Try This '4-7-8 Method' for Your Stress Before It Kills You

Americans are more stressed out than ever.

The American Psychological Association has released a "Stress in America" report for the past decade. The latest report shows that in 2016, we had a jump in overall stress levels... the first such movement in 10 years.

Think about that... During the 2008-2009 financial crisis, we didn't see this kind of jump in stress levels. The market bombed, banks went out of business, Main Street burned up in a terrible fire... but stress didn't increase. Compare that with today... The market is hitting all-time highs, the economy growing, and stress is only increasing! What happened?

Worries about the economy, terrorism, and mass shootings are now the top three stressors. And a majority of folks, regardless of their political leanings, said the future of the nation was a "significant" source of stress.

We've known about the link between stress and heart disease for a long time... Heart patients often hear "don't get too emotional" or "avoid stressful situations" so they don't trigger a heart attack.

But some stressors can't be avoided...

A study out earlier this year showed us something fascinating about how stress affects us. This study is the first of its kind... using tracking imaging that shows the connections between stress, inflammation, and heart disease.

Researchers from Massachusetts General Hospital scanned the brains of nearly 300 participants to measure activity in their amygdalae. They also measured levels of inflammation in their arteries.

They then followed those folks for another two to five years and measured cardiac events. These included stroke, heart attack, or chest pains.

Stress triggers certain immune responses, including the production of white blood cells. These cells then go on to trigger inflammation.

The results showed this link between amygdala activity and inflammation, as well as an increase in heart problems. Here's the key finding: The more stress you face, the more inflammation surfaces in your body, and the more likely you are to have a heart attack.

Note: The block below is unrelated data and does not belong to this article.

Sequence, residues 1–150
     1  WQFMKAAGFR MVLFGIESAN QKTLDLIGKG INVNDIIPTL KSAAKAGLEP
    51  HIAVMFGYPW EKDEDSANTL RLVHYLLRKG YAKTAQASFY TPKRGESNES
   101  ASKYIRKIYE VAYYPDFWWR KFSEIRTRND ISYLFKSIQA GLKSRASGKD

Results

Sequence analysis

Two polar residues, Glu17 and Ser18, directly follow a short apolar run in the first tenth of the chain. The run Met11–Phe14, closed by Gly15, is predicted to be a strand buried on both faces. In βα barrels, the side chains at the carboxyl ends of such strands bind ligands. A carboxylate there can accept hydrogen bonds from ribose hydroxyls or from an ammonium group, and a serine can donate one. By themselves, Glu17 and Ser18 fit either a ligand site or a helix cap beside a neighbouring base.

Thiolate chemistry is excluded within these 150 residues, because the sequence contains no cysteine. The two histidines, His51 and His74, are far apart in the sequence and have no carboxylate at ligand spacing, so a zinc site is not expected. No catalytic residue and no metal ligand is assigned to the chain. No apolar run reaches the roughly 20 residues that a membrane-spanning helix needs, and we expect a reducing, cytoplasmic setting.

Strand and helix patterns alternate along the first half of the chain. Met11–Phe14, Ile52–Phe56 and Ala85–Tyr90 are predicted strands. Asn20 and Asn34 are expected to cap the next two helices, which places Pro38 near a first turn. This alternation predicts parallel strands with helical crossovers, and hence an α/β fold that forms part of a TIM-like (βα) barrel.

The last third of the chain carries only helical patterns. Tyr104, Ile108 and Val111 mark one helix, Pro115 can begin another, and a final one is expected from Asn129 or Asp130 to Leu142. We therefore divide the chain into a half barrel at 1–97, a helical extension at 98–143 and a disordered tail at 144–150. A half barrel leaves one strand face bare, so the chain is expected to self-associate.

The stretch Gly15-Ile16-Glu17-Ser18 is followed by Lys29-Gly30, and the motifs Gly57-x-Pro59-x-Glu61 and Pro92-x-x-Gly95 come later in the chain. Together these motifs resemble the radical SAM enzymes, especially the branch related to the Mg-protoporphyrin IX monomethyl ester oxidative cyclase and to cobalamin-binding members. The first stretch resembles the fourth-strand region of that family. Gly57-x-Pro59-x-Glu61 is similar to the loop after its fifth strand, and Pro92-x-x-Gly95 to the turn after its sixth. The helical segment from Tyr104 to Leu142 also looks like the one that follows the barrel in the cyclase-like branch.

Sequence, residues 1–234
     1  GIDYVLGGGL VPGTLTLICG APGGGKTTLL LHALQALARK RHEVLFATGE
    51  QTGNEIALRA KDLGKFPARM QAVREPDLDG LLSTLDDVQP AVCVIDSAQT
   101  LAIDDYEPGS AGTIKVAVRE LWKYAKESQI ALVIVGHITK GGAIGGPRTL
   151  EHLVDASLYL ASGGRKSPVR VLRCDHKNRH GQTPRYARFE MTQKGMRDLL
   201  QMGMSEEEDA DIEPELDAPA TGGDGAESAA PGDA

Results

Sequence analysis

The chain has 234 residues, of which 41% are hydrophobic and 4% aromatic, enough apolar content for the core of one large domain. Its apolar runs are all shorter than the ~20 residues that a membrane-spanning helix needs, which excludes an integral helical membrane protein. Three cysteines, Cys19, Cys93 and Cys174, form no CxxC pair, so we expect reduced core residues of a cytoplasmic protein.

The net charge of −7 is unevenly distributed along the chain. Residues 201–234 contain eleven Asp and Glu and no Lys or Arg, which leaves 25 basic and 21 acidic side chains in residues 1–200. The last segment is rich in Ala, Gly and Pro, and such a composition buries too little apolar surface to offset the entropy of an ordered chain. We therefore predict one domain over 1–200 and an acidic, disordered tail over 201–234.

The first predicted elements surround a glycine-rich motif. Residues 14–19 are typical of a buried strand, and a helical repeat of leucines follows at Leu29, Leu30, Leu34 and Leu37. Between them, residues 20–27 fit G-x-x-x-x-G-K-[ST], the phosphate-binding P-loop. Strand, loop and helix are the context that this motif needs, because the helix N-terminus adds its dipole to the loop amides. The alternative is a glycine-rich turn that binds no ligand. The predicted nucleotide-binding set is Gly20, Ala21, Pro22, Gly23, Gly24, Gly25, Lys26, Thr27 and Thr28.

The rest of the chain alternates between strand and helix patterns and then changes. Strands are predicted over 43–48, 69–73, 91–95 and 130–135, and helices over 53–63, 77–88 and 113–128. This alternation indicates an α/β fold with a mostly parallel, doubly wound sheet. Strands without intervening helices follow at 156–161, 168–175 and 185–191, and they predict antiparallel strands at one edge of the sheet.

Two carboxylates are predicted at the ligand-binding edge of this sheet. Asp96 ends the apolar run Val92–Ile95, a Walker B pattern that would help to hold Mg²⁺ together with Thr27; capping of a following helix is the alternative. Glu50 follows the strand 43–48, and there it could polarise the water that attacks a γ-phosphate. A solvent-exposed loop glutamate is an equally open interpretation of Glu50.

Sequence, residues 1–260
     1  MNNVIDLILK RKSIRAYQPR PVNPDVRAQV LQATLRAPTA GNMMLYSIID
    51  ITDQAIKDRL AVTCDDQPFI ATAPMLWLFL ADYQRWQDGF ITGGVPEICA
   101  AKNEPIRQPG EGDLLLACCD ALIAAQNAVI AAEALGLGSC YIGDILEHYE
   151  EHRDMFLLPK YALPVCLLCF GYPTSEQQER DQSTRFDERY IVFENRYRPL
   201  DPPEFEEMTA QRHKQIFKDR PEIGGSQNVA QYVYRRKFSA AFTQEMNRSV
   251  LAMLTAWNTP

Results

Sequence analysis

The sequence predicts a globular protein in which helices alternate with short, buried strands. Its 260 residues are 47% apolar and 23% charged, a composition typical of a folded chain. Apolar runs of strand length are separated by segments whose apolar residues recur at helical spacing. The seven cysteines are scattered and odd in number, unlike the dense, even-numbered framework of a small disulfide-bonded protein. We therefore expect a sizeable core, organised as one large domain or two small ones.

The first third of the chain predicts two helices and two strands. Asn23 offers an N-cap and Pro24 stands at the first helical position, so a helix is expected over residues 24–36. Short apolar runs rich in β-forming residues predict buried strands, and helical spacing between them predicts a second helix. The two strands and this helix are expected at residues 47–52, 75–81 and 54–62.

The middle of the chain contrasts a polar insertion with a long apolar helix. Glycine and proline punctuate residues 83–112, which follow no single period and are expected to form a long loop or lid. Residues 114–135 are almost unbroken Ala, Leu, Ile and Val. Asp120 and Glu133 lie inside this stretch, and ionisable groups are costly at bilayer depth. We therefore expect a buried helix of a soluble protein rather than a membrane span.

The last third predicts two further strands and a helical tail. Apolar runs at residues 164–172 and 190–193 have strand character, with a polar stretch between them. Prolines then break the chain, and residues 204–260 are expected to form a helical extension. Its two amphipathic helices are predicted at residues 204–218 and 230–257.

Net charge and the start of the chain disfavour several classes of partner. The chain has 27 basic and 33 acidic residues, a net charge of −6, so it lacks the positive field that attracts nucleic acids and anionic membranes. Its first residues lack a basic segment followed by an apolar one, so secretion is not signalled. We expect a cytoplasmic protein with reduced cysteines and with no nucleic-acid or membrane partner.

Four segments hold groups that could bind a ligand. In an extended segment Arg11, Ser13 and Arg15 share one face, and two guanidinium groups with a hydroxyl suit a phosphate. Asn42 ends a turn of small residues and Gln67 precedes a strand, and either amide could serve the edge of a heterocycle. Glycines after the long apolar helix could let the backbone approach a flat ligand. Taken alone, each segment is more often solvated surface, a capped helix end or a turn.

We already know that inflammation causes heart disease. It's something I've said for years, before anyone in the medical field took the idea seriously.

This study is yet another piece of evidence coming out that I was right.

Last year, we wrote about a major problem facing women with symptoms of heart disease. Too often, doctors misdiagnose these women, saying their heart disease is "just" anxiety.

As we explained, a study in the journal Circulation: Cardiovascular Quality and Outcomes demonstrated that women with anxiety are 75% more likely to have heart disease. But bias persists in the medical community that women who experience these symptoms – and have few risk factors for heart disease – most likely have an anxiety disorder, nothing more.

But it's a cyclical problem. Researchers from Johns Hopkins wrote that anxiety is a contributing factor to heart disease. The constant stress from anxiety makes your heart race and your blood pressure rise, both of which damage your heart over time.

Now we know it isn't just that stress increases blood pressure – it also directly increases inflammation that attacks your heart.

We've recommended some good strategies for managing stress. Meditation, yoga, and good-quality sleep are all important steps to take.

Taking these steps, especially meditation, starts your body's relaxation response – a method discovered by Dr. Herbert Benson. Turning on your relaxation response helps lower metabolism, slow your heart and breathing rates, and reduce blood pressure.

Meditation is the best, but if you aren't sure how to get started or want something a bit easier, try some breathing exercises like these:

1) The 4-7-8 method. Inhale through your nose for a count of four. Hold your breath for a count of seven. Then exhale through your mouth for a count of eight. Do this cycle four times.

2) Count your breaths. You can also go for a longer period and count your breaths. Always count as you exhale. Take five breaths and then start over with "one" again. Don't go over five. This is a good way to keep your focus – if your thoughts become distracted, you'll find yourself counting past five. Set a time to do this simple breathing meditation for at least 10 minutes.

If you don't manage your stress, it can kill you. That's why we can't emphasize the importance of lowering stress. Adding in these breathing exercises during the day can help, and we hope you make them part of your relaxation routine.

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Here's to our health, wealth, and a great retirement,

Dr. David Eifrig and the Retirement Millionaire Daily Research Team
Baltimore, Maryland
October 31, 2017